My melanoma story begins when I was born with a congenital Nevus birthmark covering most of my left breast. Growing up I never thought much about it other than my appointments with plastic surgeons and dermatologists every 3 months. Although, from a young age I did know cancer was a possibility for me, but I never fully understood what that meant. As I got older, my birthmark grew with my body into a fist size mark on my left breast.
Things took a sudden turn for the worst in my first year of university when my birthmark started bleeding. At first, I didn’t think much of it, as the birthmark has always been very sensitive to scratches, but when after over a month of it never fully healing I got worried and made an appointment with my dermatologist. When I saw him he didn’t seem too worried but biopsied the area anyway. Two weeks later I got a call saying the biopsy came back irregular, and they weren’t sure if it was cancer or just due to trauma from the bleeding. So, I went back and got a bigger biopsy done, another two weeks later went to see him again and was told I had melanoma. (This all happened during finals, so the stress was real). Less than a week later, I was meeting with a surgeon to discuss my surgery that involved removing my entire nipple as well as a lymph node biopsy from my armpit. I remember everything moving so fast. The next few weeks were a blur. I had surgery, and soon after was told that the cancer had spread to 3 out of the 5 lymph nodes they biopsied, which meant I was stage 3.
I started on nivolumab immunotherapy, about a month after, and was scheduled every 2 weeks for a year. There have been hiccups along the way, a few treatments before my half waypoint, my liver enzyme spiked so high I was taken off treatment for almost 2 months. It was up in the air whether it was safe for me to go back on, but we took a leap of faith once my liver enzymes settled back to normal, and since then my liver has been stable. As of right now I have two treatments left and I finish on September 14th!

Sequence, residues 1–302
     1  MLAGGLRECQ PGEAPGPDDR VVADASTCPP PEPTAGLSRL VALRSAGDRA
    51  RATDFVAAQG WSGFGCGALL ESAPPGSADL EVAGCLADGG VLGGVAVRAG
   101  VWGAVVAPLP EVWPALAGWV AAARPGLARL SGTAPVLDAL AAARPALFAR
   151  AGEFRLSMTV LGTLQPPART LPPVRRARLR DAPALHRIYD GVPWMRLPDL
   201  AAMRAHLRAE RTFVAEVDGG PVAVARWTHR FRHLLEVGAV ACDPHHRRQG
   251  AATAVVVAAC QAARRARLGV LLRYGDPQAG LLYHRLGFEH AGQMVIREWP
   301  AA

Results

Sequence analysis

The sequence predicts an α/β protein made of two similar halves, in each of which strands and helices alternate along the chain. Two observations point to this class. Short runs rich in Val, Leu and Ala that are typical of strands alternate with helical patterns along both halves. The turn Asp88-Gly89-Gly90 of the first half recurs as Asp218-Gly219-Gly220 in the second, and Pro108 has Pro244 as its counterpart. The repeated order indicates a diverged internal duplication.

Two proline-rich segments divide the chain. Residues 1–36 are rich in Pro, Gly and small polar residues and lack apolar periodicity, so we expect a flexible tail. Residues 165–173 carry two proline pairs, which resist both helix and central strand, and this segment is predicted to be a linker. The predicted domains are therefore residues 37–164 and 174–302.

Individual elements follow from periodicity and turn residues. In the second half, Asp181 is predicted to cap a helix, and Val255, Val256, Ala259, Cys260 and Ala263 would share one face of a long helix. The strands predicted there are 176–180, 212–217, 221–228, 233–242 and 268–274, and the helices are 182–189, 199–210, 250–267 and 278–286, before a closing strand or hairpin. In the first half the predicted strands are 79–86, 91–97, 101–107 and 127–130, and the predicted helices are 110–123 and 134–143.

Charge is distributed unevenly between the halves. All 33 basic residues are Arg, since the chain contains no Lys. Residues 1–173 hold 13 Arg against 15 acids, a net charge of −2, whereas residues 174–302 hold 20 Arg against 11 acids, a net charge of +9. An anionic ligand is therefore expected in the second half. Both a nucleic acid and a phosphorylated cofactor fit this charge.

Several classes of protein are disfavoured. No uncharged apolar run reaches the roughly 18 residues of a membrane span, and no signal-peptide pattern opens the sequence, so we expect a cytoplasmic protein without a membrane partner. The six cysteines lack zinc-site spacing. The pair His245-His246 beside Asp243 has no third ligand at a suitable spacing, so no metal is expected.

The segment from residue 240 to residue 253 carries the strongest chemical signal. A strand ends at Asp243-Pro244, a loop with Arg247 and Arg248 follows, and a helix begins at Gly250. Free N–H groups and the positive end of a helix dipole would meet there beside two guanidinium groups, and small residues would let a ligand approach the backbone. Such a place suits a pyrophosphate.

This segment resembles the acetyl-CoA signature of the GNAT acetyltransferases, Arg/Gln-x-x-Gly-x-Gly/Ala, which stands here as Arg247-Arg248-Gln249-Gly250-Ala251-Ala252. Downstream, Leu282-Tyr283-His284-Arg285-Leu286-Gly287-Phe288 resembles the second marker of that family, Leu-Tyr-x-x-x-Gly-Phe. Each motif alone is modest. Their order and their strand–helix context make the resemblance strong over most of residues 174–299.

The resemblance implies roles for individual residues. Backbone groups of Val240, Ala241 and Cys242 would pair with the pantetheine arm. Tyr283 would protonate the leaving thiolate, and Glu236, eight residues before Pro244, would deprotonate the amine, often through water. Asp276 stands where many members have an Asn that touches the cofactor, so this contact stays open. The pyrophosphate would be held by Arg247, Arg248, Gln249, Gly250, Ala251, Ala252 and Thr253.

I think one of the most interesting parts about my cancer journey is being a young adult. Being diagnosed at 18 means that as all my friends got to gradually transition into adulthood, I instead was just trying to survive. Being legally an adult but emotionally and maturity wise still a teenager, I think the transition has been and still is twice as confusing for me. In some aspects, I was thrust into having a certain amount of strength and maturity within me. However, on the other end I’ve missed out on many of the basic freedoms that my friends have.
“Being diagnosed at 18 means that as all my friends got to gradually transition into adulthood, I instead was just trying to survive.”
My first summer being an adult while all my friends got to enjoy going out, and making memories I was stuck trying to grasp the fact that the next year of my life would be devoted to battling cancer. This summer due to COVID-19, I can’t see my friends, I am again stuck on the outside looking in to a life that I know I will never have. I’ve lost friends who can’t deal with the thought of me having cancer, and I can’t relate to most people my age because my perspective on life is so different from the average 19 year old. I know that for the rest of my life when I look back onto what should be the best years of my life my mind will always go to cancer. I know that from this point on, even when I no longer have cancer, it will affect me throughout my life. My life will never go back to the way it was before I was diagnosed; there will be a new normal, a new me. A strong and a beautiful cancer survivor.
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